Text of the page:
From Persecution to Proclamation
By John McCoury
Roan Mountain, Tennessee
“And Saul approved of their killing him. On that day a great persecution broke out against the church in Jerusalem, and all except the apostles were scattered throughout Judea and Samaria. Godly men buried Stephen and mourned deeply for him. But Saul began to destroy the church. Going from house to house, he dragged off both men and women and put them in prison. Those who had been scattered preached the word wherever they went.” Acts 8:1-4
It was by means of the persecution that arose over Stephen that these early Christians were pressed out of Jerusalem, spurted out into the areas around, into Judea and Samaria, and began to preach the word, all according to the program of God. God used Saul of Tarsus, even before he became a Christian to accomplish this. God works to use the very obstacles thrown in the path of Christians to advance his cause. You can picture young Saul, enraged over what he regarded as a heresy, trying to stamp it out with all the energy of his flesh, entering house after house, dragging off men and women and committing them to prison. This is the rage of a tortured conscience, which tries, by zealous activity, to cover up its anxiety, emptiness, and hurt. Yet God uses this as an instrument to accomplish his purpose.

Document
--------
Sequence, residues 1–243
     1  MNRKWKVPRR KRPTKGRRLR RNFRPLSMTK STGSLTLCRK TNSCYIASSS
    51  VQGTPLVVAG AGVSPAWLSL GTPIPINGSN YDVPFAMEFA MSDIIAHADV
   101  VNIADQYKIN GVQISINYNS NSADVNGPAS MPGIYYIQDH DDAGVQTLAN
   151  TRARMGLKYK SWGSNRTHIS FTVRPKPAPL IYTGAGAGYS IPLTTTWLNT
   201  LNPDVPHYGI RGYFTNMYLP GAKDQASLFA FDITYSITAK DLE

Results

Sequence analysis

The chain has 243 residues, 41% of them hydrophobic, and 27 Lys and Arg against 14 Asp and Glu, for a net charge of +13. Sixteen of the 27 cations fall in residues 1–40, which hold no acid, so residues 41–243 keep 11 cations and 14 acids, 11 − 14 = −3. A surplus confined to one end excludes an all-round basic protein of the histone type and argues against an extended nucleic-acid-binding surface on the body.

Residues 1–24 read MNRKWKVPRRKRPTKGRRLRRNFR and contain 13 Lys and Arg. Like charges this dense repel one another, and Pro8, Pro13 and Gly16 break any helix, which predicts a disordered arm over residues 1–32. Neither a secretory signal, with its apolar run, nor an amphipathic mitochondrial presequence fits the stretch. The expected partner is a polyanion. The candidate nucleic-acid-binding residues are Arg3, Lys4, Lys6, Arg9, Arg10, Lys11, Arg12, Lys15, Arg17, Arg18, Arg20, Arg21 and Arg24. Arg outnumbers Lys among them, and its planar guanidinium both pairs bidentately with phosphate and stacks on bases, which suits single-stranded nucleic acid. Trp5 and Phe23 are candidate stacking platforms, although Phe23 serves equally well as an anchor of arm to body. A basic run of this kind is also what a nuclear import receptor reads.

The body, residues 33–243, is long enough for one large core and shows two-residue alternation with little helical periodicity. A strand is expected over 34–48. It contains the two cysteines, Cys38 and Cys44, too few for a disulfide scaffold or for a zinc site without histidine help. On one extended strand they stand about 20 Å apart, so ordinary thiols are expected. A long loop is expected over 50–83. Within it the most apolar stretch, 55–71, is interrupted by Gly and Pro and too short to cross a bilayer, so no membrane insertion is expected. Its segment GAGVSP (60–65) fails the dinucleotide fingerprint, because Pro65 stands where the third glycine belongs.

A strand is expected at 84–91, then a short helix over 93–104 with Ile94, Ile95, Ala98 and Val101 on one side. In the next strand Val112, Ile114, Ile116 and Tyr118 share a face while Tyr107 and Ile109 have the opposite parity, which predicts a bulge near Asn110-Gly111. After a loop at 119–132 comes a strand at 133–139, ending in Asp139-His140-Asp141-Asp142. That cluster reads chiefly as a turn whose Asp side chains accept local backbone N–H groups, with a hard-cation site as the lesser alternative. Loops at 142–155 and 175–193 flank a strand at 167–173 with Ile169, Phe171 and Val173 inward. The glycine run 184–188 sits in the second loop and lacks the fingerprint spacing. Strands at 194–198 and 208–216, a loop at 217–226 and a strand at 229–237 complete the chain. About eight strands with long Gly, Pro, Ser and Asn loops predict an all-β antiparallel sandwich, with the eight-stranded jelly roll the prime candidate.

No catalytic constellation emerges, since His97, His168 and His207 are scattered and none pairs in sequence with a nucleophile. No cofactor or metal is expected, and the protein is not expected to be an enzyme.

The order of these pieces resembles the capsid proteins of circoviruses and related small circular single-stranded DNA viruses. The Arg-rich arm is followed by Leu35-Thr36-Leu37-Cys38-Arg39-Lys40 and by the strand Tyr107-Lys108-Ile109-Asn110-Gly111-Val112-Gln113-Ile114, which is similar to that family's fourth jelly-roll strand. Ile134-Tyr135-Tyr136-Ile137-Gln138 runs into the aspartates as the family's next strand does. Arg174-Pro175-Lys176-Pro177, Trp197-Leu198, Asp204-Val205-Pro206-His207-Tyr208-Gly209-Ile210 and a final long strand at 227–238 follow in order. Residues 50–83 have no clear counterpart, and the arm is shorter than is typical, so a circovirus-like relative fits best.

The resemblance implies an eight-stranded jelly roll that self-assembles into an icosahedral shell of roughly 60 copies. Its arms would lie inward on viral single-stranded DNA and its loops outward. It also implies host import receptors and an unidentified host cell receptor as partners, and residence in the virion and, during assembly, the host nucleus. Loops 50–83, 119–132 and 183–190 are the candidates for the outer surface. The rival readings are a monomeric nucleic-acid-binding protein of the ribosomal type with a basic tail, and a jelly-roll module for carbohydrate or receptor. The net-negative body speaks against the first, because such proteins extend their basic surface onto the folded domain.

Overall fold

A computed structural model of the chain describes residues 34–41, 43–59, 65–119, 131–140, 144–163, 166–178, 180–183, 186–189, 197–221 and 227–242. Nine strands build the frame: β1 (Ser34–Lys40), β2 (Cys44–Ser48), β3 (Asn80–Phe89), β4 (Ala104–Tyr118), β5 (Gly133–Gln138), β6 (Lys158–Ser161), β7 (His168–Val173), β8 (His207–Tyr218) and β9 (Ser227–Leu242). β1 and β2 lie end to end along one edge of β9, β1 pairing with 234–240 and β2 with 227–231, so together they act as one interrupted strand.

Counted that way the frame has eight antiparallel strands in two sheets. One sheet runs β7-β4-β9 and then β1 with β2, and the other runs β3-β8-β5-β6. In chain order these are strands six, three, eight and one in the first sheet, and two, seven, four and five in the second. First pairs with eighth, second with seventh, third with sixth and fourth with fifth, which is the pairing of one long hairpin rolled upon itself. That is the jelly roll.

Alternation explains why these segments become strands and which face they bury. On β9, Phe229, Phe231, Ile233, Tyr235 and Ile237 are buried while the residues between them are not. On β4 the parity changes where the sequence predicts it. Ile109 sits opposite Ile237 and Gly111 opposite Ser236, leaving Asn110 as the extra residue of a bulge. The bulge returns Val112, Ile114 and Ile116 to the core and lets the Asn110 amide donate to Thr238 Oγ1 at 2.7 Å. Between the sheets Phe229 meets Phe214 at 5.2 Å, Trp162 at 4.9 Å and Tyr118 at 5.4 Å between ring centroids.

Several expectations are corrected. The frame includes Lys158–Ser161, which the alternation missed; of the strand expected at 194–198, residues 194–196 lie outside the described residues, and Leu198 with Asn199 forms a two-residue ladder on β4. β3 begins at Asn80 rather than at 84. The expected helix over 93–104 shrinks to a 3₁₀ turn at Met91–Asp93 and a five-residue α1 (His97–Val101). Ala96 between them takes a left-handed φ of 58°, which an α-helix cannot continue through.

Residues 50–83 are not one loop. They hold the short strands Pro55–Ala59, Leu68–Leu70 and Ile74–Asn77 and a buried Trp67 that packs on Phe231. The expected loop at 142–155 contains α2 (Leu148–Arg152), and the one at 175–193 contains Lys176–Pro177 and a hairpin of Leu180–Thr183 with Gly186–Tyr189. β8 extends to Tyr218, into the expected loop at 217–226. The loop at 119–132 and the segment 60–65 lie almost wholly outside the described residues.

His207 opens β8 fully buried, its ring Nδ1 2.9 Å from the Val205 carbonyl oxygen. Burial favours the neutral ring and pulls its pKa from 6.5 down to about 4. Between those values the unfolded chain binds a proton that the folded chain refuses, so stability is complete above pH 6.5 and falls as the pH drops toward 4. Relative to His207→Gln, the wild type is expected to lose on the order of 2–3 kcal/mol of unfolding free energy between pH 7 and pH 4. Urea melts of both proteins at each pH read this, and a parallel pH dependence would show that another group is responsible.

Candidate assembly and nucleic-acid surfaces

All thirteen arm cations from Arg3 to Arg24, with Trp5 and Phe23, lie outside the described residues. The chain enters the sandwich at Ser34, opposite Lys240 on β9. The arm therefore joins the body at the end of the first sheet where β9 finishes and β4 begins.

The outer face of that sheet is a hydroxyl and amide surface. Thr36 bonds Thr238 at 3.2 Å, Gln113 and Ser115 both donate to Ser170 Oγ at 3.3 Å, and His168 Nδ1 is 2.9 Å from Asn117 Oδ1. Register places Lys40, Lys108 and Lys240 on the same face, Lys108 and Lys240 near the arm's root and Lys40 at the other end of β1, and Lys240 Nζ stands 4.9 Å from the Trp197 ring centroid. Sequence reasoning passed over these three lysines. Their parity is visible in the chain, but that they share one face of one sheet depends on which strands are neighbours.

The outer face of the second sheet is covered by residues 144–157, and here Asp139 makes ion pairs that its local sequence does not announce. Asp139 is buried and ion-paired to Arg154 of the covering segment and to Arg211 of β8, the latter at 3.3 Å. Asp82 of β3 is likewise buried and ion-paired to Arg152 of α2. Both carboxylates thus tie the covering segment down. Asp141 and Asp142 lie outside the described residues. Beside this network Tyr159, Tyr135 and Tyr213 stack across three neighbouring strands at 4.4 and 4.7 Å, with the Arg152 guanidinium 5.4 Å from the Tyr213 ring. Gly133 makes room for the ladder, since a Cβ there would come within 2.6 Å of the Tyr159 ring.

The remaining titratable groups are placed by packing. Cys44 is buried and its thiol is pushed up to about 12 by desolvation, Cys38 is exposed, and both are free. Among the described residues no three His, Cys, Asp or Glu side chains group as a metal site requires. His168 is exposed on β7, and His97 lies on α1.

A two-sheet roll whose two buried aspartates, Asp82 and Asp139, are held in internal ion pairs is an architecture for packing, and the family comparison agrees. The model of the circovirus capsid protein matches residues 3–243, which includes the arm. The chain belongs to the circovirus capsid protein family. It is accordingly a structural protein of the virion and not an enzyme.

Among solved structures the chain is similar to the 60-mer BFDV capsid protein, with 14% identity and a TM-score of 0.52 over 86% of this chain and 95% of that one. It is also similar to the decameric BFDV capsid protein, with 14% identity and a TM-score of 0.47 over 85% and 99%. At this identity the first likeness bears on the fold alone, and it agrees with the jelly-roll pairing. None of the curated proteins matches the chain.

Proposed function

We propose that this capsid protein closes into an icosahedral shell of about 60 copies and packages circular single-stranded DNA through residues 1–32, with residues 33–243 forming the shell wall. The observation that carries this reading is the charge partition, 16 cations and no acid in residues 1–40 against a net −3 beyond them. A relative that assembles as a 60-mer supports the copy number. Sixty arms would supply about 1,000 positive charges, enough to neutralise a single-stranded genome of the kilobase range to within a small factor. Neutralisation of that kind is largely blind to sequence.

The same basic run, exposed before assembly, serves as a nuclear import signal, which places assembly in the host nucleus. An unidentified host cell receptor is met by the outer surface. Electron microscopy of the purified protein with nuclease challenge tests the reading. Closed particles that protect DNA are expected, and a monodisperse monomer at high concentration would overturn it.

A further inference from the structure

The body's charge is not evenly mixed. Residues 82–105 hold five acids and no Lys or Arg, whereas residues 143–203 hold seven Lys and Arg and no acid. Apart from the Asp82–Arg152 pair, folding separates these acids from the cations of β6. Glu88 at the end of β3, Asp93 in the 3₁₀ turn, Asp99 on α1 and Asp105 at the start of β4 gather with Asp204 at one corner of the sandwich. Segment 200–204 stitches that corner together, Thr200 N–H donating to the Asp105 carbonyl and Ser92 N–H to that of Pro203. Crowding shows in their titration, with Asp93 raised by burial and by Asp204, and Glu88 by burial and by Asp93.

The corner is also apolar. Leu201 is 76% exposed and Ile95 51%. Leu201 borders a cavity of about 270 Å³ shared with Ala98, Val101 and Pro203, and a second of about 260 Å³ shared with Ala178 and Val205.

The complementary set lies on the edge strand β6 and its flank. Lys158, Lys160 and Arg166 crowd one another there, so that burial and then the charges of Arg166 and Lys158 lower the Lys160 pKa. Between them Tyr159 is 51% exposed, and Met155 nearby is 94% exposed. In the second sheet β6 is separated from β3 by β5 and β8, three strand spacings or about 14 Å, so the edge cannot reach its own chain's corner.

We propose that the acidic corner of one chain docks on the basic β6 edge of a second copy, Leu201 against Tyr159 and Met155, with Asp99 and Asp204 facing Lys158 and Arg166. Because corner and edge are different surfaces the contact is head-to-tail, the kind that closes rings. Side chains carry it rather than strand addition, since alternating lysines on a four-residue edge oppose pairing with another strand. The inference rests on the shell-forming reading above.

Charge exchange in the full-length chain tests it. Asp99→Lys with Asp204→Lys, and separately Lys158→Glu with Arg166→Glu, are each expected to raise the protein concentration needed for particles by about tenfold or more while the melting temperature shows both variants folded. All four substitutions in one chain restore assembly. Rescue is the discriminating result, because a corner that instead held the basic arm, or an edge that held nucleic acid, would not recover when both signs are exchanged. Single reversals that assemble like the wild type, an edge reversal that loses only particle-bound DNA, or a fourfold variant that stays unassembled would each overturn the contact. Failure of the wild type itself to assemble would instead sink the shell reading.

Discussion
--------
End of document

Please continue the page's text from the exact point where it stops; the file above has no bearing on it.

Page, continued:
God does two things with this rage of Saul’s: He forces the church out of Jerusalem into Judea and Samaria to fulfill the divine program as he had outlined, and he makes the early church depend not upon the apostles but upon the gifts of the Spirit distributed to everyone — for these who were scattered abroad were not the apostles. Dr. Luke is careful to tell us that. These were ordinary, plain-vanilla Christians like you and me. And yet they had gifts of the Spirit. But they would never have discovered their gifts if they had not been pushed out, and put to work. So God used this pressure to place them in circumstances where they began to develop the gifts of evangelism, of witnessing, of help, wisdom, knowledge, teaching, prophecy, and all the other gifts of the Spirit that had been made available to them.
Sometimes I think that God will have to do this in our day before people will begin to believe that they have spiritual gifts and put them to work. He may have to bring persecution upon us so that there cannot be dependence upon a central ministry, but each one will begin to utilize the gifts that God has given him.
Are you going through some kind of pressure today? Well, it is not punishment for our sins — Jesus took our punishment fully, on the Cross. The pressure, the trials, and the problems that come are by no means always the result of sin in our lives. Sometimes they are, but it may be God’s way of moving you, of pressuring you into a new experience, into a new understanding of his truth and of his equipment in your life, and giving you a new opportunity to put it to work.
Thank you, Lord, that you are completely sovereign over my life and I can trust you to use me wherever you see fit to do so
Jesus said, ‘In the world you will have tribulation; but be of good cheer, I have overcome the world!’ (Jn.16:33) Our ‘cheer’ (contentment) is not with our trials, but with God who is at work, causing ‘all things to work together for His good.’ (Rom.8:28) Will you rest in God as He works within your difficulties to make you more like His Son?